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Sbir Phase I: A Consolidated Bioprocess To Generate Hydrogen From Cellulosic Biomass


<p>This Small Business Innovation Research Phase I project is aimed at the development of a new consolidated bioprocess to generate hydrogen from inexpensive cellulosic biomass in a single bioelectrochemical reactor. Demand for hydrogen is increasing but a renewable, inexpensive supply does not exist. Production of biofuels from cellulosic biomass has been proposed but this ordinarily requires multiple reactors and treatments. Microbial Fuel Cell Technologies' patent-pending process solves these problems by combining microbial fermentation and microbial electrolysis in a single thermophilic bioelectrochemical reactor. The goal of the Phase I research will be to determine the feasibility of this process by achieving the following: 1) identify biocatalysts suitable for microbial electrolysis at high temperature, 2) combine with cellulolytic thermophiles in a consolidated bioprocess microbial electrolysis cell (CBP-MEC), and 3) produce hydrogen from cellulosic biomass. It is anticipated that the system will recover more than 90% of the hydrogen bound to cellulose and will do so at high rates due to the metabolic properties of the thermophilic biocatalysts. Furthermore, the system will avoid fouling due to microbial contamination and will operate with robust biocatalysts. Hydrogen is a valuable commodity used in the reformulation of gasoline, food processing, and the production of fertilizer. It is also being considered as a transportation fuel to replace dwindling supplies of petroleum and avoid the release of climate changing carbon dioxide. Hydrogen is produced primarily by reformation of natural gas, and alternative methods remain expensive. This Phase I feasibility project will enhance the scientific and technological understanding of the use of microbial electrolysis to produce useful fuels and chemicals, in this case hydrogen. The CBP-MEC process will generate hydrogen from renewable cellulosic biomass while avoiding the use of fossil fuels or food crops. The hydrogen market in the US in 2005 was $798 million and worldwide it was $135 billion and growing 10% annually. Americans spent more than $400 billion for gasoline in 2007, thus a transition to hydrogen as a transportation fuel would significantly increase the market for this commodity. It is this large and growing market that MFC Technologies intends to enter by first testing the feasibility of the process, developing it to demonstration scale, and then leasing the technology to hydrogen manufacturers. This award is funded under the American Recovery and Reinvestment Act of 2009 (Public Law 111-5).</p>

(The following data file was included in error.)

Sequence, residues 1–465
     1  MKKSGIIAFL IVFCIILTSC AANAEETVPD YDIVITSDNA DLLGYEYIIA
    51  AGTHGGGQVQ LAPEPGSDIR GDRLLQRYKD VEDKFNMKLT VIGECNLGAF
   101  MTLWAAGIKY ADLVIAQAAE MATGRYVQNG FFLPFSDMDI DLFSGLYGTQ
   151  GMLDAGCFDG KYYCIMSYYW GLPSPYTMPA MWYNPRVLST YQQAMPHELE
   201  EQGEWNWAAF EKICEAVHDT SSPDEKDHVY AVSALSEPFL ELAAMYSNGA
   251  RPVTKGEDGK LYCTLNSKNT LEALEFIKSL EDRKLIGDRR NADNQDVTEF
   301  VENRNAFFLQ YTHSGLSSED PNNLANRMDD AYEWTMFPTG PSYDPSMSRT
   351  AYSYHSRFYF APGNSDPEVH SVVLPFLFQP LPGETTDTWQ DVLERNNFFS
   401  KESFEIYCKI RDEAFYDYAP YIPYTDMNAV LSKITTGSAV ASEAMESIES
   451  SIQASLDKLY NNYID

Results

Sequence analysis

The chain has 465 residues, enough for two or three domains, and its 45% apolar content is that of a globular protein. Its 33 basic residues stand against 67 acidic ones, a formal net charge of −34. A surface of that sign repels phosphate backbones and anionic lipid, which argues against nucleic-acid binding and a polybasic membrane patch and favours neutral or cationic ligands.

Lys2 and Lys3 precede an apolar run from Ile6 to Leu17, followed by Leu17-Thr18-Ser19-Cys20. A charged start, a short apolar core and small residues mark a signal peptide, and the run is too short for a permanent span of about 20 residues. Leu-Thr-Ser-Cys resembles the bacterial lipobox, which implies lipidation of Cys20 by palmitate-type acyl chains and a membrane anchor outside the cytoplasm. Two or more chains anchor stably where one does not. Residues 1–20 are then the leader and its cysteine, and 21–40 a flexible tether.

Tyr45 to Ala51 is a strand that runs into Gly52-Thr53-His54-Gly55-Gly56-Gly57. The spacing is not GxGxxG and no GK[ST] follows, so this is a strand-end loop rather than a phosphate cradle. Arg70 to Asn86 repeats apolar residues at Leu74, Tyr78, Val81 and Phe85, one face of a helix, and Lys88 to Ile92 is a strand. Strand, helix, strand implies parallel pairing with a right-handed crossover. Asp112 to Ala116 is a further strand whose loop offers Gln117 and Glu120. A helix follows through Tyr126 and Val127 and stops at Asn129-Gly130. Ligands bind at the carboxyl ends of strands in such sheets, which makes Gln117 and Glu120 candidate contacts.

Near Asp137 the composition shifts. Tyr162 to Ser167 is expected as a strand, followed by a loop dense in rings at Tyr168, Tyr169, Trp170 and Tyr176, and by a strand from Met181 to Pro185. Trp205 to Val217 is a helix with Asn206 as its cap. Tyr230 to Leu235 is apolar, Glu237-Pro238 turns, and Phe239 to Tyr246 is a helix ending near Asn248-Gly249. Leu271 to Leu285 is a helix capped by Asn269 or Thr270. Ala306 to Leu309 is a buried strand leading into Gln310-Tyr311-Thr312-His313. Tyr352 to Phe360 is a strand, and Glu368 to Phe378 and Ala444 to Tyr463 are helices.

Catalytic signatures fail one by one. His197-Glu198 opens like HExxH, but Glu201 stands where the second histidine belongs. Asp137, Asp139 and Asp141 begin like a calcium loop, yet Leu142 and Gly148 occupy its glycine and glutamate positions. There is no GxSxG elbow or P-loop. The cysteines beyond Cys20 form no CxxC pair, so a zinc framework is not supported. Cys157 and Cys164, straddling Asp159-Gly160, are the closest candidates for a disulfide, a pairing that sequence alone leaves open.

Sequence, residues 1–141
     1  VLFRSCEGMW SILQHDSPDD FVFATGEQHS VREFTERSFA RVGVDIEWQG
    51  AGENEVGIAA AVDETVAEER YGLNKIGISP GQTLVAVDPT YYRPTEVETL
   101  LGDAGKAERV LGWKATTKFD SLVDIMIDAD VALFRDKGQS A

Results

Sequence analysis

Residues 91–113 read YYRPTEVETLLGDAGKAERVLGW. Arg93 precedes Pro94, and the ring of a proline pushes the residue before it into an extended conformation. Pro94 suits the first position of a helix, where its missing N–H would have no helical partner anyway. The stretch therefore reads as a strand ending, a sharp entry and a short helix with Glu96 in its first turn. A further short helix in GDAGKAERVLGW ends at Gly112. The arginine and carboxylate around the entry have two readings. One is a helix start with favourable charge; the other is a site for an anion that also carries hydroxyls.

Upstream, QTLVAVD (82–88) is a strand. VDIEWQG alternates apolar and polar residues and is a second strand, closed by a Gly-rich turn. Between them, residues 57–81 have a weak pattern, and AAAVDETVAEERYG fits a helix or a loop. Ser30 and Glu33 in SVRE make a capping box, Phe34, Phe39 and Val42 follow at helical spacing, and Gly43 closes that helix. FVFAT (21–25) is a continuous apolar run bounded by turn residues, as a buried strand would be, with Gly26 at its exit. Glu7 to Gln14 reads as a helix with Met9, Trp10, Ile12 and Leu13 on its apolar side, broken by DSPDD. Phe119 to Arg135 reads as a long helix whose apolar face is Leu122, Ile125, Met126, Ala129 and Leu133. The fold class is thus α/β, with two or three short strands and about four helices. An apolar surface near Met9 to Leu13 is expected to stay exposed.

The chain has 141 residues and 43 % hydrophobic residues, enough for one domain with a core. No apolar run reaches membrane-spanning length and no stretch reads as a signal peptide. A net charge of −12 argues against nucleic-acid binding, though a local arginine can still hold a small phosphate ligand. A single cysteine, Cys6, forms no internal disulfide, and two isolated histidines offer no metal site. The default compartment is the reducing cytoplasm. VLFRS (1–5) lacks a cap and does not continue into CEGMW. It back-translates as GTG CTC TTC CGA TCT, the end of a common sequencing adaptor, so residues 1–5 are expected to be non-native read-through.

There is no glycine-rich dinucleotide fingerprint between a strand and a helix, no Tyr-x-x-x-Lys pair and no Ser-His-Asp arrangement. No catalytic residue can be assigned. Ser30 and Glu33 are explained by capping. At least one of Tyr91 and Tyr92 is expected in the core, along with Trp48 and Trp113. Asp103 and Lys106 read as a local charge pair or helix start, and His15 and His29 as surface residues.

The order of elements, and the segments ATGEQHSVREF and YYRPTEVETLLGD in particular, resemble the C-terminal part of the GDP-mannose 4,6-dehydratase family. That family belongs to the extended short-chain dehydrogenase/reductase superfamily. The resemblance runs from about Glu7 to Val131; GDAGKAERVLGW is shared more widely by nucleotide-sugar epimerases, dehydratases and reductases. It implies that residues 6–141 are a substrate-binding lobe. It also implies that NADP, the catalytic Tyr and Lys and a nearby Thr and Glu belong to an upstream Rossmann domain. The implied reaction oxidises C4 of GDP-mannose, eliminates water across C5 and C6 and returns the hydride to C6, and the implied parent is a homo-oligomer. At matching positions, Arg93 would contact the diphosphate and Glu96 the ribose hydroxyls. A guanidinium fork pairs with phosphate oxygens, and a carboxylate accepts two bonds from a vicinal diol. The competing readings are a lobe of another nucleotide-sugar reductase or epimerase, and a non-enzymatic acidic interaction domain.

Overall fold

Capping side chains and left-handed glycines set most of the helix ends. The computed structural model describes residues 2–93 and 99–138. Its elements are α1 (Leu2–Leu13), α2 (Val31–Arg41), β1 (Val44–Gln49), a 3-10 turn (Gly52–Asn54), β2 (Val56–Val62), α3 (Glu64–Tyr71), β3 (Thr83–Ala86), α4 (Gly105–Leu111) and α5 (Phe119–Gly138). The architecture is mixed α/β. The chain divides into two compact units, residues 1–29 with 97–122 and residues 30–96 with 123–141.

Shimotori, Tsutomu
Microbial Fuel Cell Technologies LLC
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